Two Months of Construction
If someone had told me last May that we would be building a new house this spring, I would have laughed at the very idea. But I celebrated the two-month mark of the project by compiling a slide show for my family. After all that effort, I thought I might as well share it here, as well.
We first viewed this acre of land on November 11. After driving around two small towns, we realized we weren't ready for city living and called the realtor the next morning. The SOLD sign didn't go up until mid-December.
At our first meeting with the builder, they told us that if everything went well we could hope for a March 1 start date. Everything did not go well, but we got our building permit on February 22nd.
This will some day be our front yard, but on February 28 it didn't look all that promising. If you look closely, though, you can see survey stakes indicating where the house is going to be built.
March 1 and the excavator has moved onto the property--as scheduled.
He began work on March 2nd and a day later we got a call saying they had hit blue clay. I dropped in after work to take a look and was suprised at how blue it was. According to the builder, blue clay is the absolute worst thing we could have found. I still shudder to think of what it cost to remediate the situation, but there was no turning back.
Despite significant water problems, the framing for the footings was in place by March 15. Seeing the shape of our dream home lying at the bottom of our very expensive hole was incredibly exciting.
The concrete was poured on March 18. Water was still seeping in near the top of the hole and draining out through a gaping hole they had cut into the bank of our steep slope.
Two days later and they started building the forms for the basement walls.
I was so excited that I stopped in again on my way home from work.
March 24 and the floor joists are being put into place.
The next day my husband was able to stand on top of our "overturned box."
It rained most of March. On the 29th I didn't even bother to go onto the yard, but shot this from the driveway.
Then I walked along the edge of the road to the other corner of the property and took this shot.
March 30 and I get t stand at my kitchen window for the first time! We sited the house as close to the slope as permissable. All of the trees behind our house are protected by a covenant because of the steepness of the slope that leads to a creek below. We like to say we bought a big yard and a small bird sanctuary.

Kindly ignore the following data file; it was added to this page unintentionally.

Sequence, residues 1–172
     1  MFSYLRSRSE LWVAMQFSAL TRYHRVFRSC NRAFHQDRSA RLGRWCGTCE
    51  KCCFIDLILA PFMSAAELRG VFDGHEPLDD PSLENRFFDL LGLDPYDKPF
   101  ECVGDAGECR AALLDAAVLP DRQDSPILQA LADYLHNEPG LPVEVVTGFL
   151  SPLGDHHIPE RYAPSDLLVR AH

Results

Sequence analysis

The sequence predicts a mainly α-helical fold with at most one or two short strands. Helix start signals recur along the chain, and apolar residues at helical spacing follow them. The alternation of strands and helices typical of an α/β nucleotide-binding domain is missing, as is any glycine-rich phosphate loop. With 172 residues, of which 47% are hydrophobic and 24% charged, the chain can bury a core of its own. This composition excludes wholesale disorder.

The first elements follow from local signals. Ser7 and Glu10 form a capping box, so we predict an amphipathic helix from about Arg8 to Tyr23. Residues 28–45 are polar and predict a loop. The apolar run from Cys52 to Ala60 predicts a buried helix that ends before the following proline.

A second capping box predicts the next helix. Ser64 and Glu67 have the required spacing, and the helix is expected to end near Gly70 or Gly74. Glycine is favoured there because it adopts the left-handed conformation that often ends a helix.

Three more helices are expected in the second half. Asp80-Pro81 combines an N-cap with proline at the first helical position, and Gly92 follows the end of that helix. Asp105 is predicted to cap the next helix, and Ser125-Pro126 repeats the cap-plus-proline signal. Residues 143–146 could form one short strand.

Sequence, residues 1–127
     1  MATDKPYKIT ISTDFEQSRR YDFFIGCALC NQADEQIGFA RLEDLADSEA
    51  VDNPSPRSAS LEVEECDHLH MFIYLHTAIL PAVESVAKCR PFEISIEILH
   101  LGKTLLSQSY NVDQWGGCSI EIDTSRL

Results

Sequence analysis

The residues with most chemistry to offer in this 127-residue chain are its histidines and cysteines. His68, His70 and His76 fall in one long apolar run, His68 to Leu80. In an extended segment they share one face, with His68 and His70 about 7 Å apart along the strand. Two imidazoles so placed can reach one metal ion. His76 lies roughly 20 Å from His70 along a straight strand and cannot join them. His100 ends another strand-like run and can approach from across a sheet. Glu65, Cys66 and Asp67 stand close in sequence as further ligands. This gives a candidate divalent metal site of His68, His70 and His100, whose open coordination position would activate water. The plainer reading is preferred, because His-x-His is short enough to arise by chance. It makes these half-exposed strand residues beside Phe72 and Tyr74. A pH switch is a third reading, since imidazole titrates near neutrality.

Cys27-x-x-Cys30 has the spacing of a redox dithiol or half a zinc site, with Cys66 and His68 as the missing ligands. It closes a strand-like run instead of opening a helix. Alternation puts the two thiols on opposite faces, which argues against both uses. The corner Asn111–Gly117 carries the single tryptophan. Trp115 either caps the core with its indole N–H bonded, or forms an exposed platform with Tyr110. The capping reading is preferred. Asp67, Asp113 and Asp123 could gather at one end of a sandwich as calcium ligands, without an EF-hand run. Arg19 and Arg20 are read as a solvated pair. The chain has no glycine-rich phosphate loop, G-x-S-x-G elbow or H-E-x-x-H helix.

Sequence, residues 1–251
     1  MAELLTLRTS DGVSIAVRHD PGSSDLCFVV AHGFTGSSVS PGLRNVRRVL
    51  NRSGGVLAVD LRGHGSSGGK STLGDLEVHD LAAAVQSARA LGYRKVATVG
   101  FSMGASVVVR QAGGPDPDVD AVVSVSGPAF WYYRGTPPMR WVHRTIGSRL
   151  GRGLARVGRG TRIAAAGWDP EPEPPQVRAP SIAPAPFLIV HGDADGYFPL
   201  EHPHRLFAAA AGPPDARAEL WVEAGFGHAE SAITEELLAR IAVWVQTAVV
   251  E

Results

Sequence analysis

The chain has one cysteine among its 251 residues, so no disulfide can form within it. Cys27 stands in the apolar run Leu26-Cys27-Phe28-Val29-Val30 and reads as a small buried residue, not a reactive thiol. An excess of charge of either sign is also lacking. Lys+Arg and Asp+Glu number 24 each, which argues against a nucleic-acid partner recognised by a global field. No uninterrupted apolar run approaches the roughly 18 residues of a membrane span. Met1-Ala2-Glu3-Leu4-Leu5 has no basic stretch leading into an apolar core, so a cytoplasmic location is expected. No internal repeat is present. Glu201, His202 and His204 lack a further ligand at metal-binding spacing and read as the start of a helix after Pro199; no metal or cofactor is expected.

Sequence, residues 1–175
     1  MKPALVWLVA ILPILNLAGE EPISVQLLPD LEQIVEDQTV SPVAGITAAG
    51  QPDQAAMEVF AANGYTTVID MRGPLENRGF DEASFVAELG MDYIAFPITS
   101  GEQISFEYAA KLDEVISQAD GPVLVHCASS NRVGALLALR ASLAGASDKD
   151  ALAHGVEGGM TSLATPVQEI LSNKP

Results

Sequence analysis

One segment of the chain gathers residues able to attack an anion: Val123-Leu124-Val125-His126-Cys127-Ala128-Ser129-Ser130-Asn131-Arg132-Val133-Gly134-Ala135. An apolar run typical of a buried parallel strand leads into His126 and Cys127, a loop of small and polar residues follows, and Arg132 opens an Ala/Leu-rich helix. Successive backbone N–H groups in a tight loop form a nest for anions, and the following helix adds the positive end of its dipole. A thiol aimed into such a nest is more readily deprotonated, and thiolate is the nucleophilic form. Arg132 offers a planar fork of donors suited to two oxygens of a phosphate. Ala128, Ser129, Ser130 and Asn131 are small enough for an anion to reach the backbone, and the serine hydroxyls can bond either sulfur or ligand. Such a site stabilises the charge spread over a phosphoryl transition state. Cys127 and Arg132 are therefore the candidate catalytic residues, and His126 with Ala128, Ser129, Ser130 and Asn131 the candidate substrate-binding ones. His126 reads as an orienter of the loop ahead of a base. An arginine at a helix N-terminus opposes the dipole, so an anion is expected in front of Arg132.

March ends with the first two rafters in place.
April 1: Although I'm excited to see the rafters, it's the dormer roofs that I'm really waiting for.
Depending on your point of view, this is either the side or the back of the house. The architect's drawings call it the back, but we think of it as the side.
April 2nd and there are still no dormer roofs.
April 3rd and the most compelling feature of our house becomes evident. It was the interesting roof lines and the large windows that drew us to this house plan in the first place.
April 5: It's starting to really look like a house.
The next day one of the workers casually mentioned to my husband that "tomorrow" would be a good day to paint the fascia boards.
Since we were attending a family wedding the next day, we just stopped by so I could have an up-to-date photo in my camera to show anyone who expressed just the least bit of interest.
My husband skipped church the day after the wedding and I came afterwards. By late afternoon we had painted all the fascia boards.
Needless to say, it was not I who did the high parts. I hate ladders and with all the uneven ground, I was truly uncomfortable and unhappy most of the afternoon.
The windows arrived ad were installed by April 13.
The stairs went in the next day and I was able to get this shot from the open landing. With the help of two steeply-pitched (12:12) roofs, we have a 21' vaulted ceiling inside our front door.
I chose this tree as another marker for framing the view from the southeast.
While the plumber and electrician worked inside, we began painting trim boards for the exterior. There seem to be an awful lot of them, but we were assured that no extras were ordered.
Although there were no locks on the door by April 22nd, this was the first time Lloyd had to actually open the door to get inside the house.
Basement stairs are generally not very exciting, but given the extra costs involved in getting our foundation and basement up to code these provide access to the most expensive part of our house!
And here's proof that I do more than just take pictures when I'm at the house.
By April 29th the chimney for our wood stove had been installed and the electricity connected. The insulation was also put in that week.
April 30: I drove out after work specifically to document the two-month mark. Many people have commented on how quickly the work has been progressing.
After all the excitement of the first six weeks, things seem to have slowed down. But I still drive out there after work each shift (3 or 4 times per week) just to see what's happening.
Thanks for taking time to share my excitement.
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